Pokemon: A World that Connects

For some, Pokemon is a place to return to, and for others, [Pokemon] is the exciting start of a brand new adventure. The next adventure is expected to take place in Pokemon Brilliant Diamond and Shining Pearl and Pokemon: Legends of Arceus for both old and new players alike, and while a few months separate us from starting this journey, this waiting period can be used to return to existing titles, not only in gameplay but in the messages that have remained present and constant throughout the Pokemon franchise.

Find Something New in Something Old

The beginning is almost always the most exciting part of the journey, and Pokemon has captured that feeling and turned it into something that’s close to tangible. No matter where or when players start in their Pokemon journey, the Pokemon games are designed to acknowledge the present moment. Every player is a new player: when players press “New Game,” they automatically see through the lens of a trainer who’s only just beginning their journey with a Level o5. starter of choice at their side. It’s a familiar mechanic that hasn’t grown old, and the underlying message isn’t so much that the developers assume that most players are brand new players or that all players need a constant reminder of the game mechanics; rather, starting the player from zero translates to how every player is seeing the world [of the game] for the very first time each time they play through it from beginning to pause. Even if players are playing the remake of an original, a new release still means a new lens: [you] are still starting/seeing that world with brand new eyes, you are meeting never-before-seen Pokemon in every generation, and you are journeying across a land that you may or may not have visited before with the promise that you will discover something new. In the overarching picture, Pokemon, while being called its own world, encapsulates a variety of worlds – called regions – that make up one part of the ever-expanding, ever-discoverable world of Pokemon, much like its real-life parallel: our world.

Coexistence: Home is Where it Begins

In the Pokemon ORAS Creators’ Interview, Shigeru Ohmori talked about his desire to express the beauty he saw in the idea of coexistence, citing that “there is a kind of richness in the idea that different values can coexist at the same time and in the people who hold different values being able to accept one another” (pg. iii). Pokemon recognizes people at the collective and individual level both simultaneously and separately, and it accepts that people are similar in their differences and vice versa. Even if the same game is being played by many ‘different’ people, because each person is unique, no two experiences can be exactly the same – and it is because of this that players are able to connect. Every team is built just a bit differently; every trainer is moving at a different pace, and yet, every person is sharing the same space and moving along the same path – how they get there, however, is entirely up to them. Every player will create their own experience, develop their own meaning(s), discover a particular feeling – the player chooses how their story gets told, and it’s that sort of essence that makes Pokemon resonate with millions around the world to this day.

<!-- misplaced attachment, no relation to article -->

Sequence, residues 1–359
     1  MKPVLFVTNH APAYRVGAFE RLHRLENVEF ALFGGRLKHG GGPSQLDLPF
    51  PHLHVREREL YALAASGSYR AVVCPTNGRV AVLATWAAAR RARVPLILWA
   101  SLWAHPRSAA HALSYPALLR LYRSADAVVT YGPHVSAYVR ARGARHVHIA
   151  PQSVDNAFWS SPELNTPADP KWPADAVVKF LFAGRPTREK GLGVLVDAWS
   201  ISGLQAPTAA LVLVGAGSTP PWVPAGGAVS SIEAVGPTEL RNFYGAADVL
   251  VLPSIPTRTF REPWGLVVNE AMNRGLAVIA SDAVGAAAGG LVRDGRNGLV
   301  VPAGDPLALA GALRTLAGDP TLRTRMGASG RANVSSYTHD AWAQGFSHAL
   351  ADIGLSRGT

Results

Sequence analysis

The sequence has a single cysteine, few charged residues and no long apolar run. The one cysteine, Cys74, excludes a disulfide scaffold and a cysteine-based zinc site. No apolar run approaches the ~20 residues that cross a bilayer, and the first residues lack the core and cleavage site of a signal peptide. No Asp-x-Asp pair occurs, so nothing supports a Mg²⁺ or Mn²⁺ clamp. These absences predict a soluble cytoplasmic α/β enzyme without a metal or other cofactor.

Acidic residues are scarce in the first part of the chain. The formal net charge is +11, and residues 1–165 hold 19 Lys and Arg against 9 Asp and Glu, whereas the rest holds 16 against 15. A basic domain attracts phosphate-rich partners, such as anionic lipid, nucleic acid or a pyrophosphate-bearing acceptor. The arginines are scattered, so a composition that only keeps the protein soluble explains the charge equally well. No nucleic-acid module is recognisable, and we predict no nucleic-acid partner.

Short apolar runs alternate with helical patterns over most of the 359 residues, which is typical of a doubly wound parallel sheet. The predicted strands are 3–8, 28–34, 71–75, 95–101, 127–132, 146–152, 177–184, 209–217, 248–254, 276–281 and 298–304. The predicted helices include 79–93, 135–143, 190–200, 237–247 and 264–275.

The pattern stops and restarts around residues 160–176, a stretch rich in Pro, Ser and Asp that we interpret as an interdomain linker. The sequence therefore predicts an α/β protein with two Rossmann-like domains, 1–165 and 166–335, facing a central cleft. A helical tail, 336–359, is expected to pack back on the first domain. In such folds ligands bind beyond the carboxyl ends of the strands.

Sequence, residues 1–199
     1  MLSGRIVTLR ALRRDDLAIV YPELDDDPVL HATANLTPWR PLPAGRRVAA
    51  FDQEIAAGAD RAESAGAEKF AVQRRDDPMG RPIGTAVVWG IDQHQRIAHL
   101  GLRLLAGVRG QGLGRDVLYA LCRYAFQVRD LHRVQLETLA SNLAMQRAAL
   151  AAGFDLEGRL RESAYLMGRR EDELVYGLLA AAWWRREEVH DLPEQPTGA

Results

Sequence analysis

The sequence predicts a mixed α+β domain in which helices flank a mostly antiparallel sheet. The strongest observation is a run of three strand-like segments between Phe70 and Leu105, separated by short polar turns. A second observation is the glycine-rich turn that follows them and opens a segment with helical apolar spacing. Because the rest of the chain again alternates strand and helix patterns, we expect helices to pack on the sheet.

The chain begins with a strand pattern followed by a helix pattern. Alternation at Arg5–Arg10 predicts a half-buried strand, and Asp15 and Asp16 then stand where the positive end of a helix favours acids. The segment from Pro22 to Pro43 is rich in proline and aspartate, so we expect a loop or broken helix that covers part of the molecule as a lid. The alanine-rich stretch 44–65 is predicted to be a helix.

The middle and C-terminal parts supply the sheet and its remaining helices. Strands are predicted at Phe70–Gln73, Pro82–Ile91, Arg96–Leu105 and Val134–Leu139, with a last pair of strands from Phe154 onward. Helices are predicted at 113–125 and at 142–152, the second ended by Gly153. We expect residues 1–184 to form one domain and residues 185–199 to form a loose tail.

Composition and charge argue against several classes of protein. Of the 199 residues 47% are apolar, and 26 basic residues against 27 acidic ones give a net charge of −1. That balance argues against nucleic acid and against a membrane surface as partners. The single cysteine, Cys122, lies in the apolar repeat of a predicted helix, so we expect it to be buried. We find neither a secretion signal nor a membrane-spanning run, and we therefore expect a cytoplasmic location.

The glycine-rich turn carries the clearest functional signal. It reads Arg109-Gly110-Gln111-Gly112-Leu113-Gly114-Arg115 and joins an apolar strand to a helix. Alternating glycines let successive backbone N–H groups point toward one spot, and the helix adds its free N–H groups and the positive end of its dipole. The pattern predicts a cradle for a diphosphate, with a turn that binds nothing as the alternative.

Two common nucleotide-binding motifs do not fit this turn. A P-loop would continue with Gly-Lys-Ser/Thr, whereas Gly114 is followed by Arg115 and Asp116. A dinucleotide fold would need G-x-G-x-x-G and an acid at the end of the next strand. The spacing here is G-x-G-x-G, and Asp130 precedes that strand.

Furthermore, Junichi Masuda, known for his role as game director and composer for the Pokemon games, expressed how he and his team “wanted players to feel that the various worlds [across all the Pokemon installments] are able to coexist together in parallel” (pg. vii). Pokemon X and Y, for example, were inspired by France whereas the more recent Pokemon Sword and Shield were modeled after England. While the two exist as different installments and as different worlds, they remain interconnected to the world of Pokemon as a whole. Similarly, our world is connected by various realities, some of which we are familiar and others that we are not, and most that we have yet to discover. As Pokemon continues to expand its world, we are able to discover and rediscover the world around us when the real world sets its limitations. More than that, we are able to travel through that space with old and new friends by our side, Pokemon or people, creating connections and bonds that can last for a lifetime and more.

What’s Your Pokemon Story?

Even in its other incarnations, Pokemon has remained true to its ongoing message of accepting differences and recognizing similarities. In the first Pokemon movie, Team Rocket’s Meowth ponders over the unfound answer of what the world would look like if [we] were to look at what’s the same rather than what’s different, going on to recognize that at our core, “we do have a lot in common” [Pokemon: Mewtwo Strikes Back, 01:09:45]. The world you come from is where you begin your own journey, and that is a reality that can’t be ignored nor can it be dismissed. It is from those experiences and feelings – from that reality – that exists a message waiting to be discovered: a story waiting to be told, and a life lesson that can be shared with those around us and beyond. Pokemon has not only been able to capture that essence but also accept it, acknowledging that Pokemon fans come from all around the world, ones even they have yet to stumble across. The message of discovery, the message of bonds, the message of coexistence: Pokemon may be 25 years old now, but it continues to do what it has always done best, and that is to connect us, together as one and uniquely as individuals.

3 thoughts on “Pokemon: A World that Connects

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